"It's always difficult to see any ship leave the fleet, especially those that have a long and storied history with our company," commented Holland America Group CEO Stein Kruse.

Amsterdam and Rotterdam – now renamed Bolette and Borealis, after previously owned ships – were introduced in 2000 and 1997, respectively. While the first one, a 63,000-tonne vessel, carried 1,380 passengers, Rotterdam could contain more than 1,400 guests on board.

A Holland America Line cruise ship in 2018. Image: NAN728 /

“We have chosen these vessels as they will fit seamlessly into our existing fleet of small ships, each carrying under 1,500 guests, bringing with them new and larger public areas whilst not compromising on our small ship experience,” said Fred Olsen chairman Fred Olsen Jr. in a press statement.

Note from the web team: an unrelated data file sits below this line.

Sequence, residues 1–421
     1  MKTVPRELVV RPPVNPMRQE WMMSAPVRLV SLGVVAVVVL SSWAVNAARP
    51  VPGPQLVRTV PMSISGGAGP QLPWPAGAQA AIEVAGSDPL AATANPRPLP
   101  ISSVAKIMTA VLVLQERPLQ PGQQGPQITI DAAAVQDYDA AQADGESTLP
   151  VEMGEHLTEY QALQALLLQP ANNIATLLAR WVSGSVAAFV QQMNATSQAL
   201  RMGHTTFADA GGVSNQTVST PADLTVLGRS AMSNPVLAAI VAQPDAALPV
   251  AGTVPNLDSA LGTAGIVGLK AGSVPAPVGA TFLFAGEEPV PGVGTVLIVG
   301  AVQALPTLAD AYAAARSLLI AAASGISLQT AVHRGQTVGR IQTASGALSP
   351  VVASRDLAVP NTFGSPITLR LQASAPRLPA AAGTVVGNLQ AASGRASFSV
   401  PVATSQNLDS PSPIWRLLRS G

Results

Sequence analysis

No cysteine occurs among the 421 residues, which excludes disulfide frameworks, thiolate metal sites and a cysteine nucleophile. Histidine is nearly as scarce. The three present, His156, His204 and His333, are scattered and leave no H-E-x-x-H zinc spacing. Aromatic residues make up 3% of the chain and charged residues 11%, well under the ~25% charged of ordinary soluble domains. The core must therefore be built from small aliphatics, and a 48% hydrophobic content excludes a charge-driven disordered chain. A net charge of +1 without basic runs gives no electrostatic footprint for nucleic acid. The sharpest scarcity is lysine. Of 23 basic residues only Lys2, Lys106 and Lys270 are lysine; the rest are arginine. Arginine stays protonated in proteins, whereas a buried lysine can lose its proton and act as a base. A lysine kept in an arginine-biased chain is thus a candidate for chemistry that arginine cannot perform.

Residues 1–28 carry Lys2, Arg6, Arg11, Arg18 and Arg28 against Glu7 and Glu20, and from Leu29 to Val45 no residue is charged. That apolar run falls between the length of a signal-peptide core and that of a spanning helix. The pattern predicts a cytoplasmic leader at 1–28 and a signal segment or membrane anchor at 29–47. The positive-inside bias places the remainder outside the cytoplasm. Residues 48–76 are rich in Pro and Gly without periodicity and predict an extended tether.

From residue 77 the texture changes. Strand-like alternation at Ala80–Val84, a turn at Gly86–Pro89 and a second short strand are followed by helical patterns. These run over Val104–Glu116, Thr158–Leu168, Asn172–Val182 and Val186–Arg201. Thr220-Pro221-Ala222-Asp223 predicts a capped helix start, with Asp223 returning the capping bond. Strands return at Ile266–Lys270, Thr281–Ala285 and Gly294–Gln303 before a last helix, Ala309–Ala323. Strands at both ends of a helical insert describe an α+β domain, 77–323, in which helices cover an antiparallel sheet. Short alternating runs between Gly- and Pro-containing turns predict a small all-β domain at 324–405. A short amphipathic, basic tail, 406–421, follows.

“This increase in our capacity demonstrates our confidence in the future. With these new additions to the fleet, we will come out of this current situation stronger than ever, ready to deliver the award-winning itineraries that we are famous for.”

Carnival Cruises: Fantasy and Inspiration out as new Excel-class announced

Carnival cruised announced plans for the development of a new Excel-class liquefied natural gas (LNG) powered ship, which is supposed to be ready by November 2022.

The unnamed vessel, which is currently under construction at the Finnish Meyer Turku shipyard, will be similar to is its sister Mardi Gras, a 5,200-passenger cruise ship set to sail in 2021.